Love is Patient, Love is Blind: Wiigs character overlooks her lover's dark past.s character overlooks her lovers dark past.s dark past.

Uh oh, Kristen Wiig is stretching. Hateship Loveship, itself stretched from a short story by Alice Munro, is the former Saturday Night Live comedienne’s first go at drama. Wiig plays Johanna, a caretaker who is sent to a small town to help a well-to-do grandfather (Nick Nolte, dignified) watch over his 15-year-old granddaughter, Sabitha (Hailee Steinfeld). The house is big and beautiful, Sabitha’s a little brat, and Sabitha’s largely absent father, Ken (Guy Pearce), is clearly a drug addict. And upon her discovery of this state of affairs when she arrives, Johanna has no visible reaction.

And thus Liza Johnson’s low-key film continues, with Wiig apparently believing that playing not-funny means having only one expression—though, to be fair, the expression sometimes flickers from plain ol’ blank to slightly awkward, slightly disapproving, or slightly weird. Zombies have more life in their eyes. Johanna also dresses in cardigans, ankle socks, and sensible shoes, and one scene reveals that she shampoos with bargain-basement Suave. Simple to the point of dullness: We get it.

Scripter Mark Poirier, who also penned 2008’s horrible Smart People, leans heavily on blatant exposition, so it doesn’t take the viewer or Johanna long to discover that Ken killed Sabitha’s mother while driving intoxicated and did some time. (If you want to know someone’s darkest secrets, maybe a father and his son-in-law will just happen to have what they believe is a private discussion about a long-ago accident the day you meet them.) Sabitha’s grandfather, credited as Mr. McCauley, won’t let Ken stay overnight. And the mother of Sabitha’s friend Edith (Sami Gayle) won’t let her accept rides home from Danger Dad. Toxic: We get it.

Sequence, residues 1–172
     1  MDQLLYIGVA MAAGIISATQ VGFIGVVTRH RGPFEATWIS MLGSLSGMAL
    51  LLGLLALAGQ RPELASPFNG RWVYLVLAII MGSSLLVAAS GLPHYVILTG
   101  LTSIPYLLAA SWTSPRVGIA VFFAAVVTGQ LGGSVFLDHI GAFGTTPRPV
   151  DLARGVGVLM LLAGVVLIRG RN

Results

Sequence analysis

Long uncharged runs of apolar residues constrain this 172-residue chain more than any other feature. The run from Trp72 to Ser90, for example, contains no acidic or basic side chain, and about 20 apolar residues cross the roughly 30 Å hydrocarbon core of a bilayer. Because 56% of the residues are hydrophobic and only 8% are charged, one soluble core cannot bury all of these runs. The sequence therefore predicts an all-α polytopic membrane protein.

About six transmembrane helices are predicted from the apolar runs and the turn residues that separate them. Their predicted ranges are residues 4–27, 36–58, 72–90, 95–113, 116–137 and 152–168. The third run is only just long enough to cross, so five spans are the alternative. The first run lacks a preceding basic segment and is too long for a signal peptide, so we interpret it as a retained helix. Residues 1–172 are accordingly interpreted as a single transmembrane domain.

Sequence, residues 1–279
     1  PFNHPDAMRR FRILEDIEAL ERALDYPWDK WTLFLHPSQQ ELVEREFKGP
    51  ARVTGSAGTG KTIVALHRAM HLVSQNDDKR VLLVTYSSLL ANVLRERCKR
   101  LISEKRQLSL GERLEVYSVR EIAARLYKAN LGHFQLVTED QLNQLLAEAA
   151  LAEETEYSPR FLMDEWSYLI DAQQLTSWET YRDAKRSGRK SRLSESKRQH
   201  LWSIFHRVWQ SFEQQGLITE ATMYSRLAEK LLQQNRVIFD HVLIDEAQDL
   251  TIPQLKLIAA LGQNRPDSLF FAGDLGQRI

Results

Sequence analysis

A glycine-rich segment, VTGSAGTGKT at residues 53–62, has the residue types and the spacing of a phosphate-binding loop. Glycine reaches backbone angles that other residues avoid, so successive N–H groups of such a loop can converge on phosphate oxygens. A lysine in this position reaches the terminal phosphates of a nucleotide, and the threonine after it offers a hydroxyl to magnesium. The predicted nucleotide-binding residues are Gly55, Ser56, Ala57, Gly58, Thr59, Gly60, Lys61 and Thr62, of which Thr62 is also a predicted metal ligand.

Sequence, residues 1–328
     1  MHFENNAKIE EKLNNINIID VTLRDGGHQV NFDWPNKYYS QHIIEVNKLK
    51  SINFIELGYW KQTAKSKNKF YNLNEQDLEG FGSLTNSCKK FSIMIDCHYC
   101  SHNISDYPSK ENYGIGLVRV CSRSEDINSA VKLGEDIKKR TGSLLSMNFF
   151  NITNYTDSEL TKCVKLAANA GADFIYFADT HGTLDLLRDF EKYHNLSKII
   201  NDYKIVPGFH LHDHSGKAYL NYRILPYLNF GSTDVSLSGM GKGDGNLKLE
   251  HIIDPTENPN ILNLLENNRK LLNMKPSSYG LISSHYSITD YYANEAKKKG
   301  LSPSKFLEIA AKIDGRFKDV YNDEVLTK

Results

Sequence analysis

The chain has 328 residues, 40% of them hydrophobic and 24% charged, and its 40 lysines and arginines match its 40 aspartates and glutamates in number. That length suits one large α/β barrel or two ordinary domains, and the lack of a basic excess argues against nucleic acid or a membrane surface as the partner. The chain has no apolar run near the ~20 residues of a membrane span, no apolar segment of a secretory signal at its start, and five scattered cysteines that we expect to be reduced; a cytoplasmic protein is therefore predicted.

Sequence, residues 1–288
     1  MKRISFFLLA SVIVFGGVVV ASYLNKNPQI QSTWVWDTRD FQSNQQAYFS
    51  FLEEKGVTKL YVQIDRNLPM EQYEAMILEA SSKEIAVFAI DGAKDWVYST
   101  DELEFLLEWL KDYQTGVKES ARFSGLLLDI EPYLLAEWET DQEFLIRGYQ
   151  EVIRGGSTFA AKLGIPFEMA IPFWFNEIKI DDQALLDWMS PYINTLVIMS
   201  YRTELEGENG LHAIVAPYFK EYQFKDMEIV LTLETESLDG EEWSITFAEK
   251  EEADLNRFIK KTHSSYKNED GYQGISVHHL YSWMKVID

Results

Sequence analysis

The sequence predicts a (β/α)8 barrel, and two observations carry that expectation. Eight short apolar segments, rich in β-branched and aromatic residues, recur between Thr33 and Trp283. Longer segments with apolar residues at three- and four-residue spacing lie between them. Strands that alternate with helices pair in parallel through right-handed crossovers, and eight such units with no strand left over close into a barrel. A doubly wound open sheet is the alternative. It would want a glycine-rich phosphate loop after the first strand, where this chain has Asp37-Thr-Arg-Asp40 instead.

But also thoughtful! Ken leaves Johanna a note thanking her in advance for taking care of his daughter. When Johanna writes back, however, the letter is intercepted by Edith and Sabitha, and they decide to prank her. With Edith taking the lead, the two start sending Johanna messages that get more and more swoony, creating an email account so they can communicate more easily.

That’s when Hateship Loveship really nose-dives into “yeah, right.” It’s not spoiling much to reveal that Johanna falls for it and gets dreamy about someone she knows is a walking nightmare. Unconditional love can be beautiful—even between two train wrecks, such as in the much superior Leaving Las Vegas—but here it’s just extremely difficult to believe, regardless of the fact that the one who falls is a sheltered noob (sheltered, but somehow a tigress in bed).

The steps Johanna takes to find love are laughable, more indicative of mental illness than lifelong loneliness. The story strains to deliver sermons about acceptance, forgiveness, responsibility, connection. But the film and its developments are too unrealistic to inspire rumination on these subjects. Instead of daydreaming about love, you’ll think about how great it would be if Wiig busted out her SNL tiny-hands character, or at least cracked a smile.